I supported Bob Staton in the primary, in part because I felt Floyd's support base was too far right, and her emphasis on issues, such as school choice (which I support), was directed at that base. Focusing so much on that narrow a base of support, while valuable in a GOP primary, could scare moderate voters (just ask David Beasley) and be a fatal weakness in a fall campaign.
I expected the Floyd campaign to hunker down and ride the usual GOP advantage to victory, with a minimum of effective effort to reach the political center or into key Democratic constituencies. In a state where the GOP has won a staggering majority of races for constitutional offices since the early 90s, it's certainly a smart way to play it.
Yesterday, I got to eat some of my words for lunch, and I’m big enough to admit it.
Monday, Floyd stood up with a number of black community leaders and public figures from around the state who announced their support for her. Bold move.
However, this group of endorsers included a Democratic legislator, and a former Democratic candidate for Superintendent of Education - the kind of people who would usually back their party’s nominee, or quietly sit the race out so as not ruffle feathers with their fellow Democrats.
Statements by two Democrats at this event were particularly bold:
"I have been a lifelong Democrat but in this election I am supporting Karen Floyd because our young black men are not getting the education they deserve in the current system. The Education Department has been reporting how much our test scores are improving, but what they never acknowledge is that the achievement gap between black children and white children continues to grow. Frankly, I’m tired of seeing our young black men graduate high school without knowing how to read and write."-African American Hall of Fame inductee Dewey Tullis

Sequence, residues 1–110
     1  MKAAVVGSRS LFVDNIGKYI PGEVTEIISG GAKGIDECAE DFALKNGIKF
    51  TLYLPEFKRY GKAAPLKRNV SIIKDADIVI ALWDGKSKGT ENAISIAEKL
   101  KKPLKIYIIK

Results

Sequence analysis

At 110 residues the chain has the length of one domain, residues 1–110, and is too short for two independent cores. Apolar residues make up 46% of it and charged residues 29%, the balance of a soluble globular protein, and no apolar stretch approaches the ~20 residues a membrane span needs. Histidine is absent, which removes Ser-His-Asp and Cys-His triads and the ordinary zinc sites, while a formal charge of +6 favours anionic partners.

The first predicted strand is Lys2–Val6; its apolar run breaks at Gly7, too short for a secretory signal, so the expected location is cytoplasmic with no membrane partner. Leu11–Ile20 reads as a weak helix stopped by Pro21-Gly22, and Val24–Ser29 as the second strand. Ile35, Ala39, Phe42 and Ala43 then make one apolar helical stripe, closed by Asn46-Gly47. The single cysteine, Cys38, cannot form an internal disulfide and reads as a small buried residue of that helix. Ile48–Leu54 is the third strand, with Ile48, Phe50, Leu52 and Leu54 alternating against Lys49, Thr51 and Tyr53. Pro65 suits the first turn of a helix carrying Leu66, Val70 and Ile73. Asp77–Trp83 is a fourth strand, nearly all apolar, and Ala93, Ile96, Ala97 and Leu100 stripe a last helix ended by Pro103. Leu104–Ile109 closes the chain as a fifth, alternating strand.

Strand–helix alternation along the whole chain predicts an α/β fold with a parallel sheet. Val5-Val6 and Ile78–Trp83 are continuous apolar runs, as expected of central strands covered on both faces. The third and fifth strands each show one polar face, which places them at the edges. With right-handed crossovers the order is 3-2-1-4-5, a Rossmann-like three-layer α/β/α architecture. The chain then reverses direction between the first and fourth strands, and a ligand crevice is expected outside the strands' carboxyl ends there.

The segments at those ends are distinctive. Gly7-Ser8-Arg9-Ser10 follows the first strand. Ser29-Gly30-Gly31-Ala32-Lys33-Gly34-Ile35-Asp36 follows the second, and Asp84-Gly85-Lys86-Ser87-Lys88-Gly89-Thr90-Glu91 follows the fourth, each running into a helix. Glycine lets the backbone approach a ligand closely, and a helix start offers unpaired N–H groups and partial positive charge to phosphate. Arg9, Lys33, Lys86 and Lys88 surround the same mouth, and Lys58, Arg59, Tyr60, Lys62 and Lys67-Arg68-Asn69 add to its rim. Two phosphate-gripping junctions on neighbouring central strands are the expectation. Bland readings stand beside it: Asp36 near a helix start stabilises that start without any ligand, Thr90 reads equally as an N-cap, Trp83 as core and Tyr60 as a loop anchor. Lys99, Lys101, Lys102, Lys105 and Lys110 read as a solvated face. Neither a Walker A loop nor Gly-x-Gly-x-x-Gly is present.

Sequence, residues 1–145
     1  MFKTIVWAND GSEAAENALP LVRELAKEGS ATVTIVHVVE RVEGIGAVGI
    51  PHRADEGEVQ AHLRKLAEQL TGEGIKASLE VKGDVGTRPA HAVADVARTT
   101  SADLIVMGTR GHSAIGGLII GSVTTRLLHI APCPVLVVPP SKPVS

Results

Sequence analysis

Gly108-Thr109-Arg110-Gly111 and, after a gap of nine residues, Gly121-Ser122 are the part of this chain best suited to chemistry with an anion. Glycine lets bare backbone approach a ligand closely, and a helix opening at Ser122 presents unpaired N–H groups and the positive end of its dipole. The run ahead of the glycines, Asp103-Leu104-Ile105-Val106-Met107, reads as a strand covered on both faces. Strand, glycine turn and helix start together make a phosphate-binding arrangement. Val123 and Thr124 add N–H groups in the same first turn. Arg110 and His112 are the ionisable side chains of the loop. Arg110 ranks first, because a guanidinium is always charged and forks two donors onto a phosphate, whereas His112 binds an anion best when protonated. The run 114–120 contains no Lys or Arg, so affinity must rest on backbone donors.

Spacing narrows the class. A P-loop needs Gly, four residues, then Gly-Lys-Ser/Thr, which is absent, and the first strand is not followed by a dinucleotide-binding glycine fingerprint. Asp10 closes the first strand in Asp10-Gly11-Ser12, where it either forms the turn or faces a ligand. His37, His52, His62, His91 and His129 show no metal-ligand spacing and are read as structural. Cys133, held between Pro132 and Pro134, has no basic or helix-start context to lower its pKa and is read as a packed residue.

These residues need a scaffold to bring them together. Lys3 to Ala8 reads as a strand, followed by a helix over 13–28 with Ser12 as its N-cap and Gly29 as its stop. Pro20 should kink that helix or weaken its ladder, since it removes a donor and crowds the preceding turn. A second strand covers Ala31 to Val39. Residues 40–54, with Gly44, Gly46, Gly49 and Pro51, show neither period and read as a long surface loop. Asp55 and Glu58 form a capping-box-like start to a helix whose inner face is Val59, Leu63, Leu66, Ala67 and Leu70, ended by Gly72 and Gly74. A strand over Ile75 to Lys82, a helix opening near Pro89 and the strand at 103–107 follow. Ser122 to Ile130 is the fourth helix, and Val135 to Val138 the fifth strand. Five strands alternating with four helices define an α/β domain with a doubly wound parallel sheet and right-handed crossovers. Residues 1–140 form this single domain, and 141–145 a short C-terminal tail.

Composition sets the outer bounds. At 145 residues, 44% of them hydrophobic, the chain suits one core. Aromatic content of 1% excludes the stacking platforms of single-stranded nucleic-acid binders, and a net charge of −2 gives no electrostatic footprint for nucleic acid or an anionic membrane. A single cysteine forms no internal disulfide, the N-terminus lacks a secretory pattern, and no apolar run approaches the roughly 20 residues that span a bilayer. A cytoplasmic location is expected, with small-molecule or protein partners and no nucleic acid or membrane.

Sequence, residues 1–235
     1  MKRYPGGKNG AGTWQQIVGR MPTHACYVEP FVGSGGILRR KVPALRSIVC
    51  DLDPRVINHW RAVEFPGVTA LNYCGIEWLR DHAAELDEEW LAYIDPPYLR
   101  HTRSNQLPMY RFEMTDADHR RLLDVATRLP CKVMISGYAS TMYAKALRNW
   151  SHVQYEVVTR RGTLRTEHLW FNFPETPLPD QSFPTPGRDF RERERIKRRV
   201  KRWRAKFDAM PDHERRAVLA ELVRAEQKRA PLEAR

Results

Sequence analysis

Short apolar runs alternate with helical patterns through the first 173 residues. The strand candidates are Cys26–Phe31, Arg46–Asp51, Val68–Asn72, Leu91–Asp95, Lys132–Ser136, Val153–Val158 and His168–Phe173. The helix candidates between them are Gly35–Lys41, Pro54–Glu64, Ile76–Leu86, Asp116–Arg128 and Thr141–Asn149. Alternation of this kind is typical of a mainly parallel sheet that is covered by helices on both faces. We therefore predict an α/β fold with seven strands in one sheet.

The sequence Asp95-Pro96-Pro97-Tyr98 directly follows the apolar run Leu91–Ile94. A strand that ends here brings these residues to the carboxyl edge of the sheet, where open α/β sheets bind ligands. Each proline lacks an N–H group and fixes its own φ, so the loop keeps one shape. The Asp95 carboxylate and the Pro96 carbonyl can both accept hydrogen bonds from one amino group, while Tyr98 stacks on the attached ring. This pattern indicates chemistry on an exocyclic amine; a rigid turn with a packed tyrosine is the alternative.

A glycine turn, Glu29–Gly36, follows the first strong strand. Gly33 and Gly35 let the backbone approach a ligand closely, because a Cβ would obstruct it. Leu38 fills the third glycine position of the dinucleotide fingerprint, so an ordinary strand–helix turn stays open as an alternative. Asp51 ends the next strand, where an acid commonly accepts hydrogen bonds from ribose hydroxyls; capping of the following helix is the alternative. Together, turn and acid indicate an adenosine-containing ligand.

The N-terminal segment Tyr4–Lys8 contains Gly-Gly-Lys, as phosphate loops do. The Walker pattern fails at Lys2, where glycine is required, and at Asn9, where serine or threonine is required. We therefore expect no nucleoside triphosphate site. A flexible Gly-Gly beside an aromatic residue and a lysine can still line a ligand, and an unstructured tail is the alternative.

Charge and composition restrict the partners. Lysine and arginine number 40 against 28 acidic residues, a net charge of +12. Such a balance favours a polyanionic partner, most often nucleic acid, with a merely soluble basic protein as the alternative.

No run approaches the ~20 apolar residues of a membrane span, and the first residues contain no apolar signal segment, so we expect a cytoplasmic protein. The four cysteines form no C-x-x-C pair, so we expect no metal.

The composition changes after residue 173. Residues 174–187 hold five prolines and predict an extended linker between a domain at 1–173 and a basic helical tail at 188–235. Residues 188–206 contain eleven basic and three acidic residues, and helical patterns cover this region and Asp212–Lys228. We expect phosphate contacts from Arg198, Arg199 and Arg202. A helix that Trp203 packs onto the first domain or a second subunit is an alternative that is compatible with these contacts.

"Members of the South Carolina Legislature have approved education funding increases in several consecutive sessions. We voted for the increases with the assurance the system needed more money to turn our current situation around. But the spending increases have done little, if anything, to affect change in the African American children’s test scores, ability to read and write and drop out rate."-State Representative Harold Mitchell (D – Spartanburg)
“an ‘act of desperation,’ spurred by slipping support in her own party and driven by outside money coming into the state supporting tax credits that would harm rural and economically disadvantaged areas, and blacks in particular.”
- The State, 8/29/06
This effort to reach out to traditional Democratic constituencies was a surprising turn of direction by the Floyd campaign and certainly qualifies as my political “Play of the Week”.
While it remains to be seen if this is the beginning of a bold effort by her campaign to reach voters in the political center, or just an isolated bright idea, it certainly makes this race one to watch.